At a time when tensions between East and West ran extremely high during the Cold War period (1947-1991) and another major war in Europe seemed all but inevitable, the Soviet Union invested heavily in frontline rocket-projecting weapons to stave off an attack. One such development of the period became the 8x8 wheeled 9K52 "Luna-M" battalion-level mobile battlefield rocket launcher carrying a single large rocket over the modified chassis of a ZiL-135LM military truck. The rocket was capable of unleashing conventional, chemical, and nuclear payloads at range, reaching speeds of Mach 3 in flight, and could "touch" targets as far out as 40 miles. The vehicle was initially developed (under the designation of "3R-11" and "9R11") as a nuclear-capable solution to deter any advanced from the West, mainly in and around East Germany, but were later converted to a conventionally-minded variant to better serve a Soviet frontline assault.
The vehicle was known to NATO as "Frog-7" and remains in limited use worldwide. In practice, it proved inaccurate, sensitive to weather/environment, and required a resupply vehicle on hand to replenish the single-shot rocket component. As such, it was eventually succeeded in the Soviet inventory by the more effective OTR-21 "Tochka" (NATO: SS-21 "Scarab") of 1976 detailed elsewhere on this site.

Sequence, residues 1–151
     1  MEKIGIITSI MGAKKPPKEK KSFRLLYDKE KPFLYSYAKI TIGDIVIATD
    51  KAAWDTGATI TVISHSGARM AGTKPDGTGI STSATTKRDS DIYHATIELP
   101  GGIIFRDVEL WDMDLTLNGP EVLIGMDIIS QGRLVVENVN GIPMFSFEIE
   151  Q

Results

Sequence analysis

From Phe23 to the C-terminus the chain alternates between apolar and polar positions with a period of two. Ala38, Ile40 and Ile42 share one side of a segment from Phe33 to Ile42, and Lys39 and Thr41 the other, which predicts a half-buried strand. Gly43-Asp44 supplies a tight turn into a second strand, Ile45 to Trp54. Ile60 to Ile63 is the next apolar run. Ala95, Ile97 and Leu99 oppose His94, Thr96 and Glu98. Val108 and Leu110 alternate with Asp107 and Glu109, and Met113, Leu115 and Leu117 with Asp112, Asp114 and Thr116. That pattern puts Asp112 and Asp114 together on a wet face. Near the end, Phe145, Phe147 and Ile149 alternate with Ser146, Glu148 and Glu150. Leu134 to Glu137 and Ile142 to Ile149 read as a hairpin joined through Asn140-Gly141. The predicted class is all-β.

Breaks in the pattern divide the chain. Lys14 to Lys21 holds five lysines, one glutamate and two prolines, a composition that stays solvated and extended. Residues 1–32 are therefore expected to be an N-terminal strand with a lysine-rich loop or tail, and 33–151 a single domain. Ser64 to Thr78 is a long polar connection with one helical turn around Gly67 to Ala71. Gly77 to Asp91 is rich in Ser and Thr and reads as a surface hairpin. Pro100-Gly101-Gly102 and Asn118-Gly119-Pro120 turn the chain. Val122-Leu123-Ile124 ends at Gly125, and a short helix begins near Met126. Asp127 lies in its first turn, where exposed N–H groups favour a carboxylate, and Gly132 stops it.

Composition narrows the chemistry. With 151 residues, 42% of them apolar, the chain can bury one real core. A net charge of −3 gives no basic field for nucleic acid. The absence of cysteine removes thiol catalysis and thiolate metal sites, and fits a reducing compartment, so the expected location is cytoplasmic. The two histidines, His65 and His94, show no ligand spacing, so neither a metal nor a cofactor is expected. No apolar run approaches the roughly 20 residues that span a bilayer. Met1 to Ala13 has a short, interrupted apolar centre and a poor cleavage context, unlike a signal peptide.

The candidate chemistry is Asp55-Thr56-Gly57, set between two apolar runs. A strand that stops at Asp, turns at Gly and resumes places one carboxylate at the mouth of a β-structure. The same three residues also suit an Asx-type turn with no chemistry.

First-use of this battlefield system was by Syria in 1973 during the Yom Kipper War against Israel. They remained in inventory long enough to be used in today's long-running civil war by Syria.
Major rocket variants of the line included the nuclear-minded 9M21B, the conventional 9M21F (High-Explosive, FRAGmentation - HE-FRAG), and the chemical-capable 9M21Kh. The 9M21E offered cluster munition capability and the Laith-90 was the version used by Iraq in its wars against neighboring Iran and, later, the West. The PV-65 designation covered training systems.
The 9K52 series had a prolific reach for its time, utilized in conflicts ranging from the Soviet-Afghan War (1979-1989) and Iran-Iraq War (1980-1988) to the Syrian Civil War (2011-Present) and the Yemeni Civil War (2014-Present). Its reach was such that it is still found on some battlefields today.
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